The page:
Thinley Namgay  

Thirty-five  men and two women aged 55 years and above ran 12.5kms  in a veteran race in Thimphu on June 4.

Coinciding with the 32nd birth anniversary of Her Majesty The Queen, the race titled ‘Boomers for Climate Action’ was to create awareness of climate change and generate climate action.

In the race that started from Taba and ended in Tandin Nye, the participants were divided into two categories__ veteran for people aged 55 to 60 years and master veteran for those aged above 61 years.

Completing the race in an hour 25 minutes and 59 seconds, John Yarington,57,  won in the male veteran category. He is a private worker.

He was closely followed by Pema Dorji, who completed the race in an hour 37 minutes and 35 seconds. A 58 years old Pema Dorji is Brigadier at Royal Body Guard.

A 55 years old Ranger Janga Bahadur Rai stood third by completing the race in an hour 37 minutes and 37 seconds.

Of the two women, former teacher Kelzang Lhaden completed the race in two hours six minutes and 42 seconds whereas Jit Maya Gurung completed in two hours  45 minutes and 8 seconds. Jit Maya Gurung is a senior administrative assistant at the agriculture ministry.

In the master veteran category, Nim Gyaltshen, 66, finished the race in an hour 34 mins and 35 secs and bagged the first position. Nim Gyaltshen worked in tourism.  A 63 years old consultant Uwe Draeger stood second by ending the race in an hour 46 mins and 11 secs. Towpow Drukpa,65, came third by completing the race in an hour 51 minutes and 48 seconds.  Towpow Drukpa is a private worker.

Nim Gyaltshen said that everyone should be concerned about climate change. “The problem of plastic waste is increasing because of the import of foreign goods.”

He said that we should consume local products and change our dietary habits.

One of the two women participants, Kelzang Lhaden, said the run was well organised and the trail was new. “It was a refreshing moment for us.”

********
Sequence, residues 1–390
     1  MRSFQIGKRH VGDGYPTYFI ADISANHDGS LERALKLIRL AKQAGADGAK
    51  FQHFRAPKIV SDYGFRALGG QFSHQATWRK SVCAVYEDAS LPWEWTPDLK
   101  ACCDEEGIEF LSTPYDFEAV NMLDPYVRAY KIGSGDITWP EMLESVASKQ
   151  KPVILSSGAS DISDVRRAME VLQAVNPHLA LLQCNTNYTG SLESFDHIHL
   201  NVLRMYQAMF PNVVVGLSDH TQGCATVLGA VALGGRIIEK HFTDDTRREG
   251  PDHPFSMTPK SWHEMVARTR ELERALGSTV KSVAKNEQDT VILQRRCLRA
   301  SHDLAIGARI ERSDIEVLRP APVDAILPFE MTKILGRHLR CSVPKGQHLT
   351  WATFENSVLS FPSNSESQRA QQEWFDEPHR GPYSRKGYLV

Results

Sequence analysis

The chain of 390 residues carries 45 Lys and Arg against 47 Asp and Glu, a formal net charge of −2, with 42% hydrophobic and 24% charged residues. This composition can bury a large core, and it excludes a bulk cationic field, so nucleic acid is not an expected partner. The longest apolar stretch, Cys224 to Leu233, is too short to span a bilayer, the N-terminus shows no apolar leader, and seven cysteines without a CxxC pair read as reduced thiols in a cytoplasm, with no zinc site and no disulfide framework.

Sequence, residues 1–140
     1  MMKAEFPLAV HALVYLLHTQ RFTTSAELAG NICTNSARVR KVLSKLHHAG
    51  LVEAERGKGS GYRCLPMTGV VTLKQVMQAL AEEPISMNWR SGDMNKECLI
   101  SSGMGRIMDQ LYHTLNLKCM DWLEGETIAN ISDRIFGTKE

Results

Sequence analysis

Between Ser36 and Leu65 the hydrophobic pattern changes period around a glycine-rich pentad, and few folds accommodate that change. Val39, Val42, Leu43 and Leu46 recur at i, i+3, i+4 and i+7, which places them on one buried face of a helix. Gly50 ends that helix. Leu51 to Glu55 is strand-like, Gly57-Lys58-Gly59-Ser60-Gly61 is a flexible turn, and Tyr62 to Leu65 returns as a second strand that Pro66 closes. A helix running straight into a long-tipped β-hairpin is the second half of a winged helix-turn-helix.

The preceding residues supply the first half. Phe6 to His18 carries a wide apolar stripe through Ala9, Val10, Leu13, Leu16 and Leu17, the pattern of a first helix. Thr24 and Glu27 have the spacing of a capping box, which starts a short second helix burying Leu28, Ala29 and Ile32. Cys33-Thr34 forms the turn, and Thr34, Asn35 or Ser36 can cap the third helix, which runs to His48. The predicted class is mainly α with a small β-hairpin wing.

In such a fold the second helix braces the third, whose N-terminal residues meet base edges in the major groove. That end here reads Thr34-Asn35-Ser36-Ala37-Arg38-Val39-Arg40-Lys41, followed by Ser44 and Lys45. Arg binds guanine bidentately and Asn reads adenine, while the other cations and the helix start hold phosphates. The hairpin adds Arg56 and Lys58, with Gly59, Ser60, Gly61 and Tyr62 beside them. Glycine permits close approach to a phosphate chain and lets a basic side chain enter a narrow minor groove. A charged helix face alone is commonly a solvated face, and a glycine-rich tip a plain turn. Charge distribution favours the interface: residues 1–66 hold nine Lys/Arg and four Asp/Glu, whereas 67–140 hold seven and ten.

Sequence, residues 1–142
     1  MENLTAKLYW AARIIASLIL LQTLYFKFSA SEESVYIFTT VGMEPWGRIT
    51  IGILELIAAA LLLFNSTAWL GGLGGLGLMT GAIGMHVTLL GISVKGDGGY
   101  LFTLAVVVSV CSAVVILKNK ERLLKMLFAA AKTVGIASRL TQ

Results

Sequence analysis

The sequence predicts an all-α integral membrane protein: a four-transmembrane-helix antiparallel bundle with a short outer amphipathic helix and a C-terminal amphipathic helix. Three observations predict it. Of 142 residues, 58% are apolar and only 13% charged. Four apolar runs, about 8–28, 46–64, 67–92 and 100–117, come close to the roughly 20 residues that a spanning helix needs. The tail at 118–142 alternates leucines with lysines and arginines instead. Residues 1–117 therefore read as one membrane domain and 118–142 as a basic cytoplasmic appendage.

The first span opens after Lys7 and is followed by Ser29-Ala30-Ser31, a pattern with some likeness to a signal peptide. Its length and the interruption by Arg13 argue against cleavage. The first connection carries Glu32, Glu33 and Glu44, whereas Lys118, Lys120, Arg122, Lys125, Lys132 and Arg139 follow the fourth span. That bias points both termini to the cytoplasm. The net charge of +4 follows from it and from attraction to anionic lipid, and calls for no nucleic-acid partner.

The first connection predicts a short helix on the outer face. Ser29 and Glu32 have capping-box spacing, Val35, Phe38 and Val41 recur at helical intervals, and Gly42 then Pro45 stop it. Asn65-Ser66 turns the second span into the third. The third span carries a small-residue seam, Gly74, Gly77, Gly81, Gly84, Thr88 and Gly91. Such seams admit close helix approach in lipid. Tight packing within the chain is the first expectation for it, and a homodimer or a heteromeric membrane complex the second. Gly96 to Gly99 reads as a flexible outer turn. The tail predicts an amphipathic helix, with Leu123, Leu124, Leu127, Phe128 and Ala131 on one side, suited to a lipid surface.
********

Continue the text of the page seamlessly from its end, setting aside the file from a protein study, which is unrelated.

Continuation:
Sharing her message about climate change, she said that rivers, roadsides and forests have now become waste dumping sites for some people, which contribute to global warming.  “We must reduce plastic usage.  Many of us do not take bags when we go for vegetable shopping.”

She said that it would be beneficial to recycle waste and try to use local products.

The Snowman Race Secretariat organised the race and officials said the run was focused on boomers this time as they have rich traditional knowledge and experience in climate change, and have a high carbon footprint of all age groups.

“Boomers are physically, financially and emotionally less resilient to the effects of climate change,” an official said.  “The Snowman Race is looking to create a community of climate ambassadors to come together in mitigating the negative impacts of climate change through individual or collective efforts to initiate climate actions.”

Meanwhile, a similar race was organised for women in Gasa called ‘women for climate action’ in October last year.

The run was also a pre-programme for the upcoming Snowman Race in October coinciding with the 11th Royal Wedding Anniversary of His Majesty The King and Her Majesty The Queen.

To realise the vision of His Majesty The King to raise awareness on the issues of global climate change and to protect and preserve highland communities and the environment, the Snowman Race Secretariat will host one of the world’s most challenging five-day ultra-marathon across the difficult landscapes of the Himalayan ranges.

In the upcoming ultra marathon, 30 runners will cover 222kms from Gasa to Bumthang at an elevation of 5,470m metres above sea level.